Naturally, the moral opposition to profiling does not always stop with the simple complaint that it constitutes unfair discrimination[8].  It may be argued that having law enforcement officers treating people differently based on their outward appearance (race, ethnicity, religion) is a fundamental breach of the principle of equality and of individual rights and liberties (including those enshrined in the US Constitution).

As reasonable as this may seem at first, the objection based on equality and rights falters on two different grounds, one more practical and the other more philosophical.  From a practical standpoint, the fact that individuals are undeniably unequal along almost infinite dimensions (culture, psyche, physicality, gender, age, occupation, marital status etc.) means that any attempt to treat everyone equally will quickly encounter the tension between the equally worthy ideals of equality of treatment and equality of outcome.[9]  It is precisely because of the differences between individuals that equal treatment will not result in equal outcomes and conversely that equal outcomes can only be created through unequal treatment[10].  As such, it is at least an open question whether a call for “equality” can be logically coherent and achievable in practice[11].  Additionally, it is clear that society accepts all sorts of conditionally or selectively unequal treatment as just for exactly this reason.  For example, only adults are allowed to vote, soldiers are beholden to military courts without juries (as opposed to civilian courts), citizens pay a progressive, graduated income tax, Indian reservations are exempt from many laws, there are mandatory provisions for the handicapped and so on.  While there are diverse moral principles that can be cited to justify these instances of unequal treatment, the important point to note is that equality is a nebulous concept that in practice is hard to pin down to either equal treatment or equality of outcome, and ultimately the realization of equality is largely conditional and tempered by all sorts of practical considerations, just as I have argued is the correct way to morally evaluate profiling.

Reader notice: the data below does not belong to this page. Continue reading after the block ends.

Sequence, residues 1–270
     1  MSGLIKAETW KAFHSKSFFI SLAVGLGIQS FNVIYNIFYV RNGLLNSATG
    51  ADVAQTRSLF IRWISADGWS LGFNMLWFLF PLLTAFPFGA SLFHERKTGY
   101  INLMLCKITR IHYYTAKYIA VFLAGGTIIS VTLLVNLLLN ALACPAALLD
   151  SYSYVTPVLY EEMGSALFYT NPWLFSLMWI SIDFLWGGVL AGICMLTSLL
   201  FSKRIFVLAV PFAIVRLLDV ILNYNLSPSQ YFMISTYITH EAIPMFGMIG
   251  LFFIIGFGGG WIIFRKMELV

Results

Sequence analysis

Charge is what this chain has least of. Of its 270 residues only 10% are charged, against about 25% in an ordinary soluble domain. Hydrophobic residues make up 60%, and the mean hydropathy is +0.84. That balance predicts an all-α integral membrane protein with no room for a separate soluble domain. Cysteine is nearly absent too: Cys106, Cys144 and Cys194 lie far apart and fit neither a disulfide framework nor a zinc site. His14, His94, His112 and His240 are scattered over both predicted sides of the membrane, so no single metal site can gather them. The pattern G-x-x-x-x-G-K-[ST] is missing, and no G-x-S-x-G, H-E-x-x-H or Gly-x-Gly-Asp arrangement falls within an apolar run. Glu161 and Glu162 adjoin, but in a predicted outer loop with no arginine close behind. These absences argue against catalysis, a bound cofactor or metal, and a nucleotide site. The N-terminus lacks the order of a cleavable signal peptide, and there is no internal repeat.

Tackling the more purely philosophical argument about the equal rights and liberties of citizens, it is again insufficient to simply say that profiling is a violation of individual rights.  What exactly are these rights, where do these rights come from and why are they inviolable?  As Locke would argue, individuals are bearers both of natural rights as well as of conventional rights shaped by popular consent in the formation of a state.  At this point certain natural rights such as the right to revenge are “lost” or (more accurately) transformed and delegated to the state, for instance as the monopoly on coercion and the right to carry out retributive punishment.  At the same time, the conventional rights are exactly those that are contingent both upon majority democratic support (however defined) as well as the exact situation of that society including its worldview, level of development, technology, demographics etc.  In short, we are back to Locke’s insistence that democratic consent is the basis of the state’s rightful powers as well as the conventional rights of the citizen.  Do citizens have the conventional right not to have their bags or persons searched when they use public transport or enter an airport, assuming that this is not a natural right?  For Locke, this is a question for the people to answer through the democratic process, and I argue that this decision would likely turn on the practical effectiveness, description and execution of the proposed policy.